CLACC-C to host 8th Annual Youth Pan Fest in Brooklyn

CLACC-C 2017 Youth Pan featuring Adlib Steel Orchestra.
Leah Clark-Brisard

The Crown Heights, Brooklyn-based Carlos Lezama Archives and Caribbean Cultural Center (CLACC-C) will host, on Saturday, Aug. 28, its 8th Annual Children’s Festival & Youth Pan Fest, showcasing New York City’s junior steel pan talent.

The free festival, sponsored by Target, will include games, entertainment, food and giveaways; and runs from 1:00 pm. to 8:00 pm.

It will be held at the CLACC-C museum grounds at St. John’s Place, between Kingston and Brooklyn avenues, in Crown Heights.

CLACC-C said all CDC protocols will be in place “to ensure a safe experience.”

NY Pan Stars 2017 competing in annual event. Leah Clark-Brisard

The junior steel pan competition includes some of New York City’s youngest steel band members and attracts pan aficionados across the five boroughs, CLACC-C said.

It said performing steel bands will include Tonic X, Harmony, Pantonics, Radoes, Crossfire Youth, Pan Evolution Steel Orchestra (PESO), and defending champions Metro Steel.

“We’re back outside, and it’s exciting,” said Yolanda Lezama-Clark, CLACC-C president and daughter of the late Carlos Lezama, co-founder and former president of the Brooklyn-based West Indian American Day Carnival Association (WIADCA).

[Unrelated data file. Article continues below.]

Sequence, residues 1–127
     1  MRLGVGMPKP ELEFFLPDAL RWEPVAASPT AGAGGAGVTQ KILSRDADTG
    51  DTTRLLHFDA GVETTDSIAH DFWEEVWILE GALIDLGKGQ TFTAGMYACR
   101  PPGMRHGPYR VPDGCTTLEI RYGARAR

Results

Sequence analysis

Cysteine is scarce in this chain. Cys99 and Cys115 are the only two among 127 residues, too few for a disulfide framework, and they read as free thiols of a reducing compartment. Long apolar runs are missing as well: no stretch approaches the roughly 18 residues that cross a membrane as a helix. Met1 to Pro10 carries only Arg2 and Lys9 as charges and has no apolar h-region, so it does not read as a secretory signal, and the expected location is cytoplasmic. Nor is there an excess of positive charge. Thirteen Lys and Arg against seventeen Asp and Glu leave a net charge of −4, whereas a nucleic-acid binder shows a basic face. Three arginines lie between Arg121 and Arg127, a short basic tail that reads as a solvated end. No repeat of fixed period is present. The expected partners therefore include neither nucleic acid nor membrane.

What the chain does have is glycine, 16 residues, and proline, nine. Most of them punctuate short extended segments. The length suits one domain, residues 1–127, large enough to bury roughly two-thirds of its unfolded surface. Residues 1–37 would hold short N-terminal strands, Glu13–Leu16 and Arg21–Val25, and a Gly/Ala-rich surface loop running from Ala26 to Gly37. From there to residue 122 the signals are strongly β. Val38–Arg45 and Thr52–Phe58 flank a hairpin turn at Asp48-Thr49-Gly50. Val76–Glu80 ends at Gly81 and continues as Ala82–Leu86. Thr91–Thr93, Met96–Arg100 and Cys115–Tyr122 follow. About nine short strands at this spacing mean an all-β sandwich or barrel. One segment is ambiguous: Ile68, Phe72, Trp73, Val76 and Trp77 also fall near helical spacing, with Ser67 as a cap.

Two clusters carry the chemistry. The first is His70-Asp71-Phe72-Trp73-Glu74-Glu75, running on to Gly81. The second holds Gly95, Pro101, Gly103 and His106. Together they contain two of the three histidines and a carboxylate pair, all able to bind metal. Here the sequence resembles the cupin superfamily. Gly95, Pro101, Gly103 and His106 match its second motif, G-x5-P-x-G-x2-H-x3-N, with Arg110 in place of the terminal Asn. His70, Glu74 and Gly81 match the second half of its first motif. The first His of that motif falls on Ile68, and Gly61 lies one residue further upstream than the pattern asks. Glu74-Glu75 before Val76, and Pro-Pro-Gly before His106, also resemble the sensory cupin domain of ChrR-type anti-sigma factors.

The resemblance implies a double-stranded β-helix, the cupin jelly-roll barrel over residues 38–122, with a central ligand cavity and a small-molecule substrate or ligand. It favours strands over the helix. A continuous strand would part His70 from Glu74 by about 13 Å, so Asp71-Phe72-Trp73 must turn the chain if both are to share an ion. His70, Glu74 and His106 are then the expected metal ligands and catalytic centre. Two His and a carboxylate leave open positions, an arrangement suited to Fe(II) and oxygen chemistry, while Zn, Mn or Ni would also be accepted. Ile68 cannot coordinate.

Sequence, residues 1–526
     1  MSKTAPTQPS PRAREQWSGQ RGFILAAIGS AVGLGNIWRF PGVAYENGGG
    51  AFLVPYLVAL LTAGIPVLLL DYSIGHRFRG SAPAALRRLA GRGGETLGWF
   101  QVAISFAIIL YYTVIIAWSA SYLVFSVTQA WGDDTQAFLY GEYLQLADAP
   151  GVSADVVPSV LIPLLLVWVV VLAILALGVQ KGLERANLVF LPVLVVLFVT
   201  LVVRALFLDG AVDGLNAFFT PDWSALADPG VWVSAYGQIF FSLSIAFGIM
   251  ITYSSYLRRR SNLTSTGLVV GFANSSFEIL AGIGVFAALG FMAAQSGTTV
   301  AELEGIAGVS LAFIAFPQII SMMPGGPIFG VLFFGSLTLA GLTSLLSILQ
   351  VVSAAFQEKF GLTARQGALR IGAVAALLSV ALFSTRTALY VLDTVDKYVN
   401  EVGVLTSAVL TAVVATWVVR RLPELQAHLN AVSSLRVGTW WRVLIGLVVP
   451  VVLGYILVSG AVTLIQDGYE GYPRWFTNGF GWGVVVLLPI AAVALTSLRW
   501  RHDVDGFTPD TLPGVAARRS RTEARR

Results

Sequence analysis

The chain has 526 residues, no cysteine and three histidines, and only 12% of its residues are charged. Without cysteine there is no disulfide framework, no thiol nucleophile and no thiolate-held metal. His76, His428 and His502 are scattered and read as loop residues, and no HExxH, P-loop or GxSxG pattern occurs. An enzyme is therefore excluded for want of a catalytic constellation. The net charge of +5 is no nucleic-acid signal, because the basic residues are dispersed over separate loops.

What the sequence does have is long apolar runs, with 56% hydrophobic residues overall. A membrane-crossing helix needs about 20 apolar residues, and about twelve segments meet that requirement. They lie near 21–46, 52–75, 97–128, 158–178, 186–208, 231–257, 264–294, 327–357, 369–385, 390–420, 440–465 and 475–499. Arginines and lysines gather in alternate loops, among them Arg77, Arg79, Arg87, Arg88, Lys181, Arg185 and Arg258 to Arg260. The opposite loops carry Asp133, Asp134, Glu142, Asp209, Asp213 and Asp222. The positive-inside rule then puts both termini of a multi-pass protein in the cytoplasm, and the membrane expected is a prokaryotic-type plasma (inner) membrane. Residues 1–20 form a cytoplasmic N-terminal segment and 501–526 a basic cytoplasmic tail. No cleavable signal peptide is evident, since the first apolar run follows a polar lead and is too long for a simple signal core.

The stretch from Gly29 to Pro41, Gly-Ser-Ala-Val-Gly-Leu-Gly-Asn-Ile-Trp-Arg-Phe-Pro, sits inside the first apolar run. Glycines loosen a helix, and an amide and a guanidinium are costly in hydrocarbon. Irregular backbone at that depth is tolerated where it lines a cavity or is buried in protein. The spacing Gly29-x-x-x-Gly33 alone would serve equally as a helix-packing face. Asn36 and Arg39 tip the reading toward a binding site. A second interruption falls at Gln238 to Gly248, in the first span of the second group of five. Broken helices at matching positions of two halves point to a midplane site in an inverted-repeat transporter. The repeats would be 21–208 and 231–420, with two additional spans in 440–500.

“It is exciting to celebrate the children’s commitment to playing and practicing steel pan this year and also to be outside as intended,” she added. “Pan is meant to be experienced in person.”

Roxborough Dance Group of Tobago 2017. Nick Katz

CLACC-C said it is “a non-profit institution devoted to the development, promotion and preservation of Caribbean culture and history through the collection of archives and art memorabilia.”

Established in 2005, CLACC-C said its mission is to educate communities regarding Caribbean heritage.

Cultural activities have included panel discussions with Caribbean scholars, writers and artistes, art/costume exhibits, and music/dance/theater performances.

CLACC-C said it “promotes and preserves West Indian culture and history through the growth of an archive center dedicated to the legacy of Carlos Lezama, the ‘godfather’ of Brooklyn’s annual Caribbean Carnival on Labor Day.”

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